Presentation: Integrated Soliton Microcombs and Applications
Theme: C11. Semiconductor and Integrated Optical Devices
Kerry Vahala is the Jenkins Professor and Professor of Applied Physics at Caltech. He has pioneered nonlinear optics in high-Q optical micro resonators. His research group has launched many of the areas of study in this field and invented optical resonators that hold the record for highest optical Q on a semiconductor chip. Vahala has applied these devices to a wide range of nonlinear phenomena and applications. This includes the first demonstration of parametric oscillation and cascaded four-wave mixing in a micro cavity – the central regeneration mechanisms for frequency micro combs; electro-optical frequency division – used in the most stable commercial K-band oscillators; and the first observation of dynamic back action in cavity optomechanical systems.
His micro-resonator devices are used at the National Institute of Standards and Technology (NIST) in chip-based optical clocks and frequency synthesizers. They have also been used at the Keck II observatory in Hawaii as miniature astrocombs in the search for exoplanets.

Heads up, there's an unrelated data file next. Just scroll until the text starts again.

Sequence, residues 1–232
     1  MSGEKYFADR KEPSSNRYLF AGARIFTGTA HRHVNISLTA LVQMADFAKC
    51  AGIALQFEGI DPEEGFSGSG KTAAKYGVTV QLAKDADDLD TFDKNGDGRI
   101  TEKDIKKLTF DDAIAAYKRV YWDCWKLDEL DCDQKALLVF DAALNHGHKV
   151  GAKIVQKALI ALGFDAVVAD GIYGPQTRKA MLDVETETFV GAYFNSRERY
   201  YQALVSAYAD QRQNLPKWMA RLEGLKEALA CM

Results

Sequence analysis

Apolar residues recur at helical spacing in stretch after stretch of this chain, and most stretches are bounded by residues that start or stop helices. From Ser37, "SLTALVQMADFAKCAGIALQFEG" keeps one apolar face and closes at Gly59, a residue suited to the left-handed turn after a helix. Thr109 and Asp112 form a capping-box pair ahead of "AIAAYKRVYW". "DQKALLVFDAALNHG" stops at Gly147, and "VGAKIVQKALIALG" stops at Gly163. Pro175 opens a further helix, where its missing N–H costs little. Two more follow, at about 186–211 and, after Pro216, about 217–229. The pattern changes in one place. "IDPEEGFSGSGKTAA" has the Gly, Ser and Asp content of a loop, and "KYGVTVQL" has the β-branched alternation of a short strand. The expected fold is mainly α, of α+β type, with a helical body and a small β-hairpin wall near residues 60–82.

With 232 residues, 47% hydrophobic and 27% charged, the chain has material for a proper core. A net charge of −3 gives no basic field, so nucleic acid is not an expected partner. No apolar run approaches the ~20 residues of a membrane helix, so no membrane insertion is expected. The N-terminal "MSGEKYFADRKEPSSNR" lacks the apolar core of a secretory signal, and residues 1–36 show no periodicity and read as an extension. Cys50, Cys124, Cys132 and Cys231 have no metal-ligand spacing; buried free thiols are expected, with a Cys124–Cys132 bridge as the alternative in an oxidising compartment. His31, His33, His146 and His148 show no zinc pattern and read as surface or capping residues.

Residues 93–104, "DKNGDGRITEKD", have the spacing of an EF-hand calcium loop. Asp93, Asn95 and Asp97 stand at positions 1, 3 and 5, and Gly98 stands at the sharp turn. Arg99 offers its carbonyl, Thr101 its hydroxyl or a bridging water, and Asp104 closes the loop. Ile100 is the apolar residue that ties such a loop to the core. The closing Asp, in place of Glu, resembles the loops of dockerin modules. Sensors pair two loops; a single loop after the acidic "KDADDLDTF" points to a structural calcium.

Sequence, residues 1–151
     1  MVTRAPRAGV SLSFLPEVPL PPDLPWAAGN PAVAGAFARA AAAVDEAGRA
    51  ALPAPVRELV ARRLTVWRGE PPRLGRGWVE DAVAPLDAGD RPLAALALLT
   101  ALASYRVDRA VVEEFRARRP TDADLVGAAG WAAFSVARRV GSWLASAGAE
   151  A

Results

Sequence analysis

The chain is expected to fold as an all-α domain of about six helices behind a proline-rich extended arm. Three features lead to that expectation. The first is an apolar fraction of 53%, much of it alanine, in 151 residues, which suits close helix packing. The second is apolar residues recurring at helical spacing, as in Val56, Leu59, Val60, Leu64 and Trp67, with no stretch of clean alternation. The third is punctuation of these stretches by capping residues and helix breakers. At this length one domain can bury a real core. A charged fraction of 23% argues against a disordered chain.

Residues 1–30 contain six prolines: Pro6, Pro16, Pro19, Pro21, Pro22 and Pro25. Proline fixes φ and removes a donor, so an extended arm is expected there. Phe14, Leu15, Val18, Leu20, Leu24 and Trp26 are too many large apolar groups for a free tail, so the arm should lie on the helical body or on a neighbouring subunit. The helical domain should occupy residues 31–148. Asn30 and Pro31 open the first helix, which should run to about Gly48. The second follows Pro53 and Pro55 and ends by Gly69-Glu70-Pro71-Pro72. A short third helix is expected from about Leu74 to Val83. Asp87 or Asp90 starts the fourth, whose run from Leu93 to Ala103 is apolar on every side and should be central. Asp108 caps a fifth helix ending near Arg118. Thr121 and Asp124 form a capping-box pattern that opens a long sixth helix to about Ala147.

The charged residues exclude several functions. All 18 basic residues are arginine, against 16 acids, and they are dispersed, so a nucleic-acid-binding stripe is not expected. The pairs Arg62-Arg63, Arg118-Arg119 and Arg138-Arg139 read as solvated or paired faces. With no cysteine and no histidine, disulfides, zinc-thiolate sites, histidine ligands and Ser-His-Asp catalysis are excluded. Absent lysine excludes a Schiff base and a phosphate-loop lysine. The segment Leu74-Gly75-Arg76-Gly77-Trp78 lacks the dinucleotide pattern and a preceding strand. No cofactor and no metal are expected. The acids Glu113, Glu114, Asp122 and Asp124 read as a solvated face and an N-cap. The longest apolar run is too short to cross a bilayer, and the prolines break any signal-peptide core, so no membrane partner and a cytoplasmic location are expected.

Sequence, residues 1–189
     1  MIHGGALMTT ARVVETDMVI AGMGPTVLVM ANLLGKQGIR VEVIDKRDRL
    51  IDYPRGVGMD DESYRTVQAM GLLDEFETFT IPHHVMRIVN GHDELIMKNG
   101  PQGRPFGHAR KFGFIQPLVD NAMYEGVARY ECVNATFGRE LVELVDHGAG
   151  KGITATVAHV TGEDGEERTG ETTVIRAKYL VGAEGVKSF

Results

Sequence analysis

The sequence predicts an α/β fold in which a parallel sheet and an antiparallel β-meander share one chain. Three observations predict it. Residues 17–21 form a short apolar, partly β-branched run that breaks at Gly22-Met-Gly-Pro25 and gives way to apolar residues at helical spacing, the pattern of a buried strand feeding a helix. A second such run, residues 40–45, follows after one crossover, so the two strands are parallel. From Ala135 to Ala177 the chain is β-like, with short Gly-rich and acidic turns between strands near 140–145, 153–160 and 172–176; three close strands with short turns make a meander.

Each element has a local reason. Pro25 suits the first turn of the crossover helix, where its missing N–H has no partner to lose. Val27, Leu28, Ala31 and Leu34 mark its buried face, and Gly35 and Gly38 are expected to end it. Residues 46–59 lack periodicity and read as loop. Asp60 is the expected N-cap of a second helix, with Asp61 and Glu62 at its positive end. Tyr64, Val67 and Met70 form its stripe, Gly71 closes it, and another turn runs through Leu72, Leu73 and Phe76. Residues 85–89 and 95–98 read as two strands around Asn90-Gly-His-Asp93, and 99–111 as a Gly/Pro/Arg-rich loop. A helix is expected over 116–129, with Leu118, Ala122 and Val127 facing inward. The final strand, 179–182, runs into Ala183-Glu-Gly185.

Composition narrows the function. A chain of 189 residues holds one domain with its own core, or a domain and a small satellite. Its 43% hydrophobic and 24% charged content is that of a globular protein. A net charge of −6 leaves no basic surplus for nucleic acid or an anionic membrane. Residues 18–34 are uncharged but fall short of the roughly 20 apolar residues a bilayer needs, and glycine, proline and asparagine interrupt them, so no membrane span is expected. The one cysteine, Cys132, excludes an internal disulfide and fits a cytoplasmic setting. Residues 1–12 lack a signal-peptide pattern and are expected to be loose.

Vahala’s current research is focused on the application of high-Q optical micro resonators to miniature precision metrology systems as well as monolithic optical gyroscopes. Professor Vahala was involved in the early effort to develop quantum-well lasers for optical communications and received the IEEE Sarnoff Award for his research on quantum-well laser dynamics. He has also received an Alexander von Humboldt Award for his work on ultra-high-Q optical microcavities, a NASA achievement award for application of frequency combs to exoplanet detection and is a fellow of the IEEE, the IEEE Photonics Society and the Optical Society of America.